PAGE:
Netflix recently canceled both Iron Fist and Luke Cage, and while many have wondered if this marked the beginning of the end of Netflix’s Marvel universe, some have other hopes. Comic fans have been begging for a Heroes For Hire adventure for the duo, and some thought just such a spinoff was being developed behind the scenes. However, a new report has revealed that’s probably not Netflix’s plan, and it’s probable that Luke Cage and Iron Fist were cancelled because their buzz had fizzled out.
This newly unveiled data comes from the company Crimson Hexagon, which analyzed social media buzz for the four main Marvel Netflix superhero adventures over time. The focus was on the amount of Twitter and Instagram interactions for each of the four shows’ multiple seasons. The data showed marked decreases in fans’ social media posts between the seasons for all of them, but Luke Cage and Iron Fist both had a unexpectedly big drop-offs from one respective season premiere to the next.
If the social media data provided for Luke Cage by Business Insider is reflective of its average viewership, it isn’t exactly hard to see why Netflix decided to cancel. Season 1’s release date drew over 300,000 social media posts, which is actually the largest number of reactions from any of the four Marvel shows. Unfortunately, that same energy was not shared going into Season 2, which inspired fewer than 20,000 posts on Twitter and Instagram.
Decreased viewership isn’t uncommon for any program, even on streaming services, but that sharp of a drop-off with only a year between seasons is wild. Again, it’s impossible to make concrete correlations between social media interactions and Netflix’s viewership numbers. Clearly, though, far fewer people were jazzed to tune in to see how Harlem fared in Season 2. Even if these numbers aren’t wholly reflective, it doesn’t instill confidence that more Luke Cage adventures are of interest to mass audiences.
Iron Fist‘s Season 1 social media numbers came in lower than all the others, with around 120,000 posts on Twitter and Instagram. That’s not too surprising given some of the controversy surrounding the kung-fu series prior to its start. Such mixed feelings could’ve caused fewer folks to publicly proclaim they were tuning in, even if they were. Of course the show’s uneven reception probably also played a factor, as critics were rather harsh upon its release.
Iron Fist also had a sharp dip like Luke Cage going into the sophomore season, and its Season 2 release date only inspired less than 20,000 posts online. While still pretty bad, it’s almost impressive Iron Fist managed to garner the same amount of interest as Luke Cage‘s follow-up, especially given the difference in critic and audience reception. Despite that, or because of it, it’s again very clear why Netflix would consider these series ripe for cancellation, especially if less buzz indeed indicated and resulted in decreased viewership.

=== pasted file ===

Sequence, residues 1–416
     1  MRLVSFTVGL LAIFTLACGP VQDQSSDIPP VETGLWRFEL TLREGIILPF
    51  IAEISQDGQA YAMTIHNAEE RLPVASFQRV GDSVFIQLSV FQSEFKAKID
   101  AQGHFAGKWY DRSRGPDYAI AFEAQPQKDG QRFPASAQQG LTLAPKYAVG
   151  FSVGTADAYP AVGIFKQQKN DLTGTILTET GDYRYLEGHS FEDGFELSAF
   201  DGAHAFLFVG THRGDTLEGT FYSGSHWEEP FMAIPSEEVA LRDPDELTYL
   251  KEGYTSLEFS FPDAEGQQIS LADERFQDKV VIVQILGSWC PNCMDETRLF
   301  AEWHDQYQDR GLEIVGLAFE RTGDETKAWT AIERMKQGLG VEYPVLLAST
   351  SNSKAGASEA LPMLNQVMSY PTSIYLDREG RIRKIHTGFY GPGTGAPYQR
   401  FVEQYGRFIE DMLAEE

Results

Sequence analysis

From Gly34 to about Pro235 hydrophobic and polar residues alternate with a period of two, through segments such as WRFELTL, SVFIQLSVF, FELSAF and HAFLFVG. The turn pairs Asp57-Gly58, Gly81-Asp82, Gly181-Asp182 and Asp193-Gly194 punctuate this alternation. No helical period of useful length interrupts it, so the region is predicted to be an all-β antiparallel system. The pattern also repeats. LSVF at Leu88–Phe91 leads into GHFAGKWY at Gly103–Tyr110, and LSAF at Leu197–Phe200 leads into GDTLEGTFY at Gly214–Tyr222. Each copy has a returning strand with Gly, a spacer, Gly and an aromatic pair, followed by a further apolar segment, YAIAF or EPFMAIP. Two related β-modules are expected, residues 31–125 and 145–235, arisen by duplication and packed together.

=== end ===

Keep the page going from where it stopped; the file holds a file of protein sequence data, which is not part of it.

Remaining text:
Put simply, audiences appeared as equally disinterested in Luke Cage Season 2 as they were in Iron Fist Season 2. While there are no guarantees that online interest wouldn’t spike Heroes for Hire became a thing, the data would imply there just isn’t enough interest to justify such a gamble. As we mentioned, social media posts may not actually correlate to Netflix viewership statistics, but it’s hard to deny the knowledge and influence social media can provide.
As previously stated, the study revealed social media interaction was down for all four Marvel shows examined. Luckily, the reduced totals weren’t as drastic for Jessica Jones or Daredevil. Jessica Jones dropped from just under 300,000 posts in Season 1 to 150,000 in Season 2, while Daredevil went from a little over 250,000 in Season 1 to around 200,000 in Season 2. Jessica Jones‘ drop-off is more substantial, but not too bad considering its two-year gap between seasons.
Unfortunately, the data did not allude to how Daredevil performed upon the premiere of Season 3. Data tallying stopped on October 1, with close to 75,000 Daredevil posts, however, which would imply the Man Without Fear still has more buzz surrounding his latest season than Iron Fist and Luke Cage combined in Season 2. That doesn’t guarantee Netflix won’t cancel it, but its chances obviously look better for renewal if more people were posting about it than the cancelled shows, and it hadn’t even aired yet.
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